It's time, once again, for me to clean out my notebook. Today's column is a short collection of the things that I hear people saying, either in meetings or presentations or just as a part of daily life. I'm certainly not picking on anyone here, and I'm the first to admit that I have said some stupid things in my career (number one being, upon hearing about Google in the early days, "Why on Earth do we need another search engine when we already have Google?"). But there are certain things that people say that, in my opinion, are just not moving us forward.
And this column is, after all, just my opinion. You didn't think this was news, did you?
So, we now present the Clearing Out the Notebook: Sh*t Marketers Say Edition. I hope you enjoy it.
No. 1: We have to make sure we have a separate social and mobile strategy. Actually, you could substitute practically any word for "social" or "mobile" in that sentence. It's extremely clear to me (and, I imagine, you) that media has changed dramatically. Social means that we consume content in the context of our connections. Mobile means we are in touch with data and information constantly, and always able to interact. But these are simply channels by which people engage and communicate with each other and brands. The presence of social and mobile hasn't created any new desires in people (other than the desire to get a new phone). Rather, they are just ways that people engage in their wants and needs. Answering wants and needs is what we do as marketers. No one needs a separate social and/or mobile strategy. They need a strategy for creating value and meaning with people, and an understanding of what channels will help them achieve those goals. You can have a plan for everything under the sun: social, mobile, and skywriting. But please only have one strategy.
No. 2: Old media is dead! The latest iteration of the old media is dead meme seems to be the counting up of what you could have gotten online if only you didn't blow your whole ad budget on a Super Bowl spot. Listen: if people are willing to buy it, it is alive, and the only reason that people buy things is if they believe there is value in the purchase. It's possible that the value they see is solely in being able to tell the other CEOs at the country club that you have an ad in the Super Bowl. Whatever. More likely the value has to do with the fact that big brands need to look big. We like seeing Coke in a small banner, but only because we know it puts ads in Times Square. There can be a good reason for a lot of tactics, and broadcast media still has many uses.
You're making a huge mistake if you think that's the only channel that you need to use to connect with your customers.
No. 3: Let's do something buzz-worthy. Do I even need to put this one in here? Don't do anything buzz-worthy. Just do something good. The whole thing about "buzz-worthy" is that it means you don't have to spend any money getting your message distributed. That's not fair. Why do you expect people to do something for free that you are used to paying for? Pay great creative people to make you beautiful things that speak to your consumers in a meaningful way and pay for them to see it on the sites, in the magazines, and during the TV shows that they love so that those sites, magazines, and TV shows can stay in business and on the air. Don't break the contract. If the consumer wants to forward on your message, that is awesome. But don't plan for that.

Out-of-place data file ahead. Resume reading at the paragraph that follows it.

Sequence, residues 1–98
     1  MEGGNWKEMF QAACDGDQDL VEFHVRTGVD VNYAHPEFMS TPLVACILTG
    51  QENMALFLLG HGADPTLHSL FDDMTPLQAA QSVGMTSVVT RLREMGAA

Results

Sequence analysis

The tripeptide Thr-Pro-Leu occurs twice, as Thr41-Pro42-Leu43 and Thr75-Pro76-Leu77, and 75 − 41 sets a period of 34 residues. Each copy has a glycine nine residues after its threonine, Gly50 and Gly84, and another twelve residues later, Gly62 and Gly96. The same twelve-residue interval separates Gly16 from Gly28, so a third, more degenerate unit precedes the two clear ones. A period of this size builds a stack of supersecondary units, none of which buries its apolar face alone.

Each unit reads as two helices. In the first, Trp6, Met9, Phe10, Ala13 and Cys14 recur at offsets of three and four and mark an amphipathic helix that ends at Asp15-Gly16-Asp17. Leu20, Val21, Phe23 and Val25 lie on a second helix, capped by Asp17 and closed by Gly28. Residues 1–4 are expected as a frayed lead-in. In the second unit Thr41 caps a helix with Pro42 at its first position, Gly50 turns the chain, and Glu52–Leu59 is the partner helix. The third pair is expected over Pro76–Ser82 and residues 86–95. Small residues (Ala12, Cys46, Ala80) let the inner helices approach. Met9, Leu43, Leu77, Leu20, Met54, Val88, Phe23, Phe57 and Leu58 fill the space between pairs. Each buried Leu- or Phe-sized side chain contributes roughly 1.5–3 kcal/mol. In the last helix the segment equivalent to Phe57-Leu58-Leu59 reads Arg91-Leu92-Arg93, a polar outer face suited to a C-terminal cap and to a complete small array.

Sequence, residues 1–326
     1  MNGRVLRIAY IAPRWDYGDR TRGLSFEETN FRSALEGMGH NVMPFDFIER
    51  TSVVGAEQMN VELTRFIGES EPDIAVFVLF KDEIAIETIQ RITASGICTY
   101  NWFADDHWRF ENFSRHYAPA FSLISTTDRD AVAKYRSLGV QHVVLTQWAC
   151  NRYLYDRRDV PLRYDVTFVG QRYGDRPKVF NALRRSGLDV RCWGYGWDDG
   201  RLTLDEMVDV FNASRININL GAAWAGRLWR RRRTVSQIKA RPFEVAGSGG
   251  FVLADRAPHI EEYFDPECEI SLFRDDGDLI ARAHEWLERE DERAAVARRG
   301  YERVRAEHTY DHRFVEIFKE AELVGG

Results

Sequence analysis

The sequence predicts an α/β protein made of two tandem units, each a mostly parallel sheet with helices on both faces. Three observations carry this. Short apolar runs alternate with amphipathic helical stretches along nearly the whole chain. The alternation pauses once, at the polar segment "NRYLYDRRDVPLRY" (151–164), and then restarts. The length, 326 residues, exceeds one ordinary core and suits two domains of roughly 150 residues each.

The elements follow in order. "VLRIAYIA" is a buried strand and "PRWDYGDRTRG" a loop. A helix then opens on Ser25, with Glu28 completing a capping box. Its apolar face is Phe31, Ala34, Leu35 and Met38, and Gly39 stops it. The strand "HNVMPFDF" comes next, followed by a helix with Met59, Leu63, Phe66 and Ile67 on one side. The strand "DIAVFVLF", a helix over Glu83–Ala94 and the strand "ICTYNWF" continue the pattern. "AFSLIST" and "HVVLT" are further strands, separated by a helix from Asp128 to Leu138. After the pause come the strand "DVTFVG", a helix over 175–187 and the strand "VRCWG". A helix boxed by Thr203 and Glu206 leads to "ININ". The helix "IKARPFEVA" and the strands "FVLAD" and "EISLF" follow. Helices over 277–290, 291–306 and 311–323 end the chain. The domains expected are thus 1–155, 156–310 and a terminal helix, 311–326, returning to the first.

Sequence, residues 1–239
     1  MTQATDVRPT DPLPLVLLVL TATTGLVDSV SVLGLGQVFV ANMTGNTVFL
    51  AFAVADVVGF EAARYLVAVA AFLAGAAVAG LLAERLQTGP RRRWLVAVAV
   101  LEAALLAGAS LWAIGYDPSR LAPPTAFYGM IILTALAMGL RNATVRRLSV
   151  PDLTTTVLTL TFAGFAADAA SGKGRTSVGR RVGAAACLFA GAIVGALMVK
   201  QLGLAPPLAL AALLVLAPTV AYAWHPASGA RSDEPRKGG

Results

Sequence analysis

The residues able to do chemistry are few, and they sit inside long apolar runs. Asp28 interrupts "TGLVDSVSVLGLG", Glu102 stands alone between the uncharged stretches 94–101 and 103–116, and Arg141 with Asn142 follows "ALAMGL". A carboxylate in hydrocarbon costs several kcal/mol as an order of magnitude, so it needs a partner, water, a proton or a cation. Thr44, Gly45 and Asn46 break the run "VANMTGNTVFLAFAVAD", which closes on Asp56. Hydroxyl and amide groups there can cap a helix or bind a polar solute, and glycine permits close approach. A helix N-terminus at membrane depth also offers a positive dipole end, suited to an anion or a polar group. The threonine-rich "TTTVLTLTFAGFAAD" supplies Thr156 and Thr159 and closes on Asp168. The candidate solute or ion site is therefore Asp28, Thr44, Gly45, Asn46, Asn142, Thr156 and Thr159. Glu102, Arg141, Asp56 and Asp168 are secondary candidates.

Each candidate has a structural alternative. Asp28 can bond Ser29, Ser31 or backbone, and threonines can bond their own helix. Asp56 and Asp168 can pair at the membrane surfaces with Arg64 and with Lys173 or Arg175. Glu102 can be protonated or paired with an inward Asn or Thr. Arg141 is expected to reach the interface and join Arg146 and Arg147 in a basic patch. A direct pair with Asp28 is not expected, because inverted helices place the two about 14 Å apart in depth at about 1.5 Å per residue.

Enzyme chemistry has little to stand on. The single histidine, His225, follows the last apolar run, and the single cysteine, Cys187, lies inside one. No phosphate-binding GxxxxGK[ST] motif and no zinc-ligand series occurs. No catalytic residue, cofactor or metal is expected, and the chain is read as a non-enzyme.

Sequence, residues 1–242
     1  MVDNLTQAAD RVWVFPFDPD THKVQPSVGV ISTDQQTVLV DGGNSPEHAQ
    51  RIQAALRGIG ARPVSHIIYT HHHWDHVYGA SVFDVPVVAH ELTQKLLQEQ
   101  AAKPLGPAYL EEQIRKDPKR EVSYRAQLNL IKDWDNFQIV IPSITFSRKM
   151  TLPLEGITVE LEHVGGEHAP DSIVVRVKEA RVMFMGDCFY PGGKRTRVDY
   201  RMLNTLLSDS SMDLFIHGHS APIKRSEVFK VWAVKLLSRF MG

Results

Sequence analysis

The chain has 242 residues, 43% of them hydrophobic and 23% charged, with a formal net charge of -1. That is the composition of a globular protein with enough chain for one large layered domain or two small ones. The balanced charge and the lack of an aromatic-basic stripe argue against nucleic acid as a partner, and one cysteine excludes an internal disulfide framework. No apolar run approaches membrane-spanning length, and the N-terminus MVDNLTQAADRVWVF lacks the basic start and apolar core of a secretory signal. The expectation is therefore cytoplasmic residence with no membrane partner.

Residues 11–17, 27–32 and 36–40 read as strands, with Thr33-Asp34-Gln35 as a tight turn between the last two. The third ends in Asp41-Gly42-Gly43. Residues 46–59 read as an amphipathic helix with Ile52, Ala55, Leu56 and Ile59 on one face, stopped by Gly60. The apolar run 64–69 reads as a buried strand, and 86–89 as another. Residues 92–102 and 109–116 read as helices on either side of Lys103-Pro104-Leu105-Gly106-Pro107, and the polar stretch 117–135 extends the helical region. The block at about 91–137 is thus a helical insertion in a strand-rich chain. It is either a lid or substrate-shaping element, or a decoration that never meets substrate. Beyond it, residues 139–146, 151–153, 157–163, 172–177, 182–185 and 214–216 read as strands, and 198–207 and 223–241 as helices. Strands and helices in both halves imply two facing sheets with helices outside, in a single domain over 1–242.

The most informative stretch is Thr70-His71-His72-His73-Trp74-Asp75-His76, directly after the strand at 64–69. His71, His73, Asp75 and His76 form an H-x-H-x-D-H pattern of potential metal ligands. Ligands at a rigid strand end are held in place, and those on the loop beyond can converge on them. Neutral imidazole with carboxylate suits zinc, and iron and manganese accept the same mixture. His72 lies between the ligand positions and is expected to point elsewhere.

No. 4: It's just like that other thing, only for our category. I know that a lot of advertising is borrowing from other categories (and sometimes directly from other ads). The only problem comes if you're simply taking an idea that has already been proven to be effective in the real world and putting your name in. The tough one about this is that you can be pretty successful just taking other people's work. But it's a bit like the tragedy of the commons, which (Wikipedia says) "is the depletion of a shared resource by individuals, acting independently." So imagine that a great idea is a resource that we all have access to. If we all use it too much, that idea quickly becomes stale and worthless. The consumer audience burns out on it. We have to all agree to share it and (more importantly) add to it with our own new ideas.
No. 5: We need to make sure we know what people want before we make it. Are you ready? Don't let data make you gutless. We are awash in data like never before and it's great. We are better at understanding consumer mindsets and we can do it at a far more rapid pace than ever before. The gap between something happening, our learning about it, and our ability to take actions is closing down to near-nothing. It's like the "marketing singularity." And, since things tend to go in cycles (like fashions and trends), we are even becoming able to anticipate what is going to pop next.
But we can't close the system down. We have to be careful to take in data, but always be feeding it into our brains to spark new concepts. Data will tell us a ton about what people are into, but we have to be ready to give them something new, because they never, ever ask for anything new. They tell us that they want things to be simpler or faster or cheaper. But they never tell us, especially not in aggregate, what will make their heart beat faster. Seek that inside your brain, not in the data.
OK. That's all I've collected in my field notes. Now that the notebook is empty, I can start filling it back up again!
What? image on home page via Shutterstock.
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Gary Stein is SVP, strategy and planning in iCrossing's San Francisco office. He has been working in marketing for more than a decade. Gary lives in San Francisco with his family. Follow him on Twitter: @garyst3in. The opinions expressed in Gary's columns are his alone.
June 20, 2013
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